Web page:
This is in response to an article published in the Ravalli Republic on September 15 by the Southside Historic Preservation Committee. A few comments are in order.
My OP-ED piece was a commentary I posted in response to a Facebook thread, "Remembering the Bitterroot When."
Regarding bias - My comments about bias were specifically directed to the comments on Facebook:
• “Just quit going to church”
• “If people didn’t go to church so much they wouldn’t need a new one”
• “Isn't vanity a deadly sin? That's all the diocese power play is about. Tax free corporation that wants more shit to show off. Pathetic.”
In terms of bias against practicing Catholic Christians, I think these statements speak for themselves.
Regarding the value of sacramental life versus the value of an historical building — “Ms. Callaghan-Stover also chooses to trivialize the concern about the church’s value as a historical structure and pretends that value pales in comparison to its worth to the church community as a sacred space.”
Yes. I do believe that the value of our church structure as a sacred space is more important than its value as an historical structure. This structure was built by Catholics and has been lovingly and consistently tended to and paid for by Catholics since 1896. Our church structure was the first structure erected in that area and other people chose to build their homes around it. The fact that our Catholic community in Hamilton has maintained the church structure in its current form does not obligate us to maintain it in that way when it no longer meets the needs of our parish community.
I have enjoyed celebrating our sacramental life in the existing church structure. If the choice has to be made between preserving the existing structure and rebuilding to ensure a safe, adequate and accessible space for our entire Catholic community to celebrate our sacramental life together now and in the future, my choice will always be clear in favor of the latter.
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As a seventh generation Montanan, I have a deep and abiding love and respect for the history and landmarks of our great state. I come from a long line of Montana ancestors who worked tirelessly to protect and preserve much of our Montana history, and who taught me the value of doing so.
It is more important to me that our parish community has a safe, adequate and accessible space where we can continue to celebrate our sacramental life together. It saddens me that there are any members of our Catholic community who would put their own emotional attachment to and personal enjoyment of a structure above the goal of assuring that we have a safe, adequate and accessible space where we can continue to celebrate our sacramental life together. Buildings are temporal; our faith community is timeless.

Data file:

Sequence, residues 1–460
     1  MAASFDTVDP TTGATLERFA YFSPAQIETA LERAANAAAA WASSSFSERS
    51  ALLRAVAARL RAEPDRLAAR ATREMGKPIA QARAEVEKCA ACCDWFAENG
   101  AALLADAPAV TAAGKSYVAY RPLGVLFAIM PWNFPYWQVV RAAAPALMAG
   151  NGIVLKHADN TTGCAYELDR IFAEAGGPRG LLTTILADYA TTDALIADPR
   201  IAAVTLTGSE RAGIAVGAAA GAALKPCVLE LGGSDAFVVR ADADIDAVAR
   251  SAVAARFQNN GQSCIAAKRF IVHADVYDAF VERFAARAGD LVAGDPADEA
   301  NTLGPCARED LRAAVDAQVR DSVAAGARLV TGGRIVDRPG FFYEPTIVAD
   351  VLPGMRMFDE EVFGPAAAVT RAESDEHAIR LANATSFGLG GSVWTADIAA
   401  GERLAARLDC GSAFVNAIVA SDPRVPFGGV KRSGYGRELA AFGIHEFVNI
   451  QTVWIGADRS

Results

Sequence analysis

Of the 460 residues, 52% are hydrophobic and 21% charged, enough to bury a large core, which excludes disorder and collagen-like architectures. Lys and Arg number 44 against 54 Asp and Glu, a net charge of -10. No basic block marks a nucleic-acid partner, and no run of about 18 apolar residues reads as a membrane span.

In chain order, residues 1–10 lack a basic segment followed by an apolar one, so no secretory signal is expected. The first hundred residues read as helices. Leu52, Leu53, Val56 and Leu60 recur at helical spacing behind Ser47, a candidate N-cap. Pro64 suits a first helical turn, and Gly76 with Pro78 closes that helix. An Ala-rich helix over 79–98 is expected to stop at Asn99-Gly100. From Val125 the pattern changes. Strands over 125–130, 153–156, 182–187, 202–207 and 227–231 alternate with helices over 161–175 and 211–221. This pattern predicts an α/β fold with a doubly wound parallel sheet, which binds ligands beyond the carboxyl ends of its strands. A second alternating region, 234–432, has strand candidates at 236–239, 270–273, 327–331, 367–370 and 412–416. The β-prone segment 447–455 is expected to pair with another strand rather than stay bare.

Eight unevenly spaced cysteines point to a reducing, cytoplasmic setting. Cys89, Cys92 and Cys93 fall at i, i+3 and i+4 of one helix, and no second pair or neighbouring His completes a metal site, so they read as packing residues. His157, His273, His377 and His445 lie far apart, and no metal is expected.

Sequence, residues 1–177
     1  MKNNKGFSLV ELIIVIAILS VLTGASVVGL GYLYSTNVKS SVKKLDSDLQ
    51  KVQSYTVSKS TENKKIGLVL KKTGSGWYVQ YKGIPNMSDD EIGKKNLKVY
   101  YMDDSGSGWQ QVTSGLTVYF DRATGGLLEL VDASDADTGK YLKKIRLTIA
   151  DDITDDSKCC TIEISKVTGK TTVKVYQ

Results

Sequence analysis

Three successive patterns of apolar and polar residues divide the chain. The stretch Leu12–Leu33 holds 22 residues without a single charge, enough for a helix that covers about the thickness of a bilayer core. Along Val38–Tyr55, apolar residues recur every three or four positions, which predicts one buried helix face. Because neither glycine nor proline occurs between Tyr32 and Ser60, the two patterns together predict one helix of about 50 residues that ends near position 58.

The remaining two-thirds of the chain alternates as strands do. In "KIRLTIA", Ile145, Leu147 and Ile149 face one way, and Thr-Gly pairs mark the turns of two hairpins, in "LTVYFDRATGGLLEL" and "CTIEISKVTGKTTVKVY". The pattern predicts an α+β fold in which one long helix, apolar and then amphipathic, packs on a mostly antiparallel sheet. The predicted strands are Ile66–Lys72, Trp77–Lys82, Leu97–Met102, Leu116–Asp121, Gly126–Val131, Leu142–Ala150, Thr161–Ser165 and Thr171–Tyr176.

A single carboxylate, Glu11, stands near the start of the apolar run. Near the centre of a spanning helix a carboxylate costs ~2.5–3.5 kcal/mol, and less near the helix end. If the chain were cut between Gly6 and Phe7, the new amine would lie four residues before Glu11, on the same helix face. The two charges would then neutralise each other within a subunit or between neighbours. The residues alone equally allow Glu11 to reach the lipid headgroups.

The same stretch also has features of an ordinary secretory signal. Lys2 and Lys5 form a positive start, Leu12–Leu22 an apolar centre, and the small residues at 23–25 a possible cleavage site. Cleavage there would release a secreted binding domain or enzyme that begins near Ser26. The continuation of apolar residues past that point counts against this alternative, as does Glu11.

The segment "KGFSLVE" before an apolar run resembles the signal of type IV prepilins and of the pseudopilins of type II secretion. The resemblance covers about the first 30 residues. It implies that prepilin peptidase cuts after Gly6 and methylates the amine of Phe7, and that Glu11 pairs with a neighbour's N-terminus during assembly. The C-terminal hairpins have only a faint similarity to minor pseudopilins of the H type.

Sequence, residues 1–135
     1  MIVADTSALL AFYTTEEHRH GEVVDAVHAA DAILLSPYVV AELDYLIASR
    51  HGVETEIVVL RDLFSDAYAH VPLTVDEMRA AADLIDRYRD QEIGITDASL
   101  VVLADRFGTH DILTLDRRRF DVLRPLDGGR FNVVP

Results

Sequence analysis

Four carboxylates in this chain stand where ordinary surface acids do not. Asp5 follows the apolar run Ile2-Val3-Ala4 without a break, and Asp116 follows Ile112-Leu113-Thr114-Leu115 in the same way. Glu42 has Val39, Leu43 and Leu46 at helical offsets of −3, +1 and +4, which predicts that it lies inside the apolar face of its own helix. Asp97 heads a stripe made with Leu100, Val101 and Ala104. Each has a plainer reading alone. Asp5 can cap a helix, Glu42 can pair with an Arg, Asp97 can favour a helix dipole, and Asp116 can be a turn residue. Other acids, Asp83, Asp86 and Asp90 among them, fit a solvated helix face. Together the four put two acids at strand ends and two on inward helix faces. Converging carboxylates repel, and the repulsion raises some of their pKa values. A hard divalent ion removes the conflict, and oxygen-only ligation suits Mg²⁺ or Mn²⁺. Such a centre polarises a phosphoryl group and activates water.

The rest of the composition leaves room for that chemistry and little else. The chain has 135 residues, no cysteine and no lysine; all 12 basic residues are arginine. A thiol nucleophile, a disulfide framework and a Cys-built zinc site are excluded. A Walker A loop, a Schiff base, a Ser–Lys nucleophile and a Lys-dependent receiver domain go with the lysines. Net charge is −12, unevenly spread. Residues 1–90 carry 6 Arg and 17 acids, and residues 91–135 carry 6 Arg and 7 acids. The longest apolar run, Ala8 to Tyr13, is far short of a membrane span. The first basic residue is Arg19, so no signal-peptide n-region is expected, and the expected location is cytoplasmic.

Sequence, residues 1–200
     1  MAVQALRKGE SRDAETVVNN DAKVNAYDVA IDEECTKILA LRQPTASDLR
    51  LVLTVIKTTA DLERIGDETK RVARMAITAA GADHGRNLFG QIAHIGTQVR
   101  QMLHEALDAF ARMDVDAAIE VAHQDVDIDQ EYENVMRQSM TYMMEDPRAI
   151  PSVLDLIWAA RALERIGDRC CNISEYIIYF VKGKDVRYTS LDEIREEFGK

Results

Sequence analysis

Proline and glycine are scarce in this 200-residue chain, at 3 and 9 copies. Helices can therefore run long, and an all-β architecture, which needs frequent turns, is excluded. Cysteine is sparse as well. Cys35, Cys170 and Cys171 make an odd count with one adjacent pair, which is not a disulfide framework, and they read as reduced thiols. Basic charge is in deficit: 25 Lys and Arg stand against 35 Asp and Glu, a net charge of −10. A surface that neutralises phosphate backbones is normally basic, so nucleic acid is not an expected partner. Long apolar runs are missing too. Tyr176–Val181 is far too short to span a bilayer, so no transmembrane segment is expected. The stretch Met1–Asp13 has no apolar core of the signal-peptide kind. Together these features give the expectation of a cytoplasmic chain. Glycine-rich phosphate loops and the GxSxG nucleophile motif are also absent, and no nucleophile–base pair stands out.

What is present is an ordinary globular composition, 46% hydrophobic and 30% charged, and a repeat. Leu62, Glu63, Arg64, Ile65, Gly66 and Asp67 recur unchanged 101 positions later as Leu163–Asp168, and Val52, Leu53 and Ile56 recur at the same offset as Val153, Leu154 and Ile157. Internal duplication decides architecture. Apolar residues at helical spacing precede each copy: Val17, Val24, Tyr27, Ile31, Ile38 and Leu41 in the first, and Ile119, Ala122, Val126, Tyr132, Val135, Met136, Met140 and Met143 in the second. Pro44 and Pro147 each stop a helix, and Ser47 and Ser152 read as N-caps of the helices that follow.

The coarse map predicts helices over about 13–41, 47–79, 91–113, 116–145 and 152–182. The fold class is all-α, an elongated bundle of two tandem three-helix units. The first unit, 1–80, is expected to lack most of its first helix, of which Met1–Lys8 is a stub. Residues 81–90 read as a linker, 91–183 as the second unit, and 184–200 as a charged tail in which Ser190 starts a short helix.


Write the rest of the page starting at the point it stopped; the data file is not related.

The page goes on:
“Prior generations have taken outstanding care of this church. It has been faithfully maintained for over 120 years. It would be a great disservice to our ancestors to so readily destroy that which they have created.”
It would be a greater “disservice to our ancestors” to fail to provide adequately for future generations. We honor their vision and their sacrifices by continuing the Catholic community’s tradition to prepare for our future.
Regarding property rights — “The church has acted as though their property rights are the only rights to have value. Neighbors have property rights, too, and those include rights to a safe, peaceful and uncongested neighborhood environment.”
The fundamental right we are asserting is our First Amendment right to the free exercise of religion. Without a safe, adequate and accessible space, some members of our parish community will be restricted in the free exercise of their religion. It is important to us as neighbors that we do our best to minimize the impact of any “congestion” on our neighborhood, but our constitutionally-guaranteed freedom of exercise of religion trumps the non-enumerated “right” to be free of “congestion” for the roughly six hours of street parking used for weekend Masses.
Regarding the increased need for space — “The Catholic Church’s well-known difficulties have led to the current shortage of priests.”
Regardless of the cause, it is the parishioners of the St. Francis Parish community who are being negatively impacted by the shortage of priests. The members of our parish were in no way responsible for the “well-known difficulties” in the Church. The shortage of priests is a reality that our local parish community must deal with. The core of our Catholic religious life is our celebration of our sacraments, first and foremost being our community celebration of the Mass. Catholics cannot celebrate Mass without a priest. Our priest is already over-extended and we need to expand our seating capacity to accommodate fewer Masses per weekend, not more.
— Tricie Callaghan-Stover, Hamilton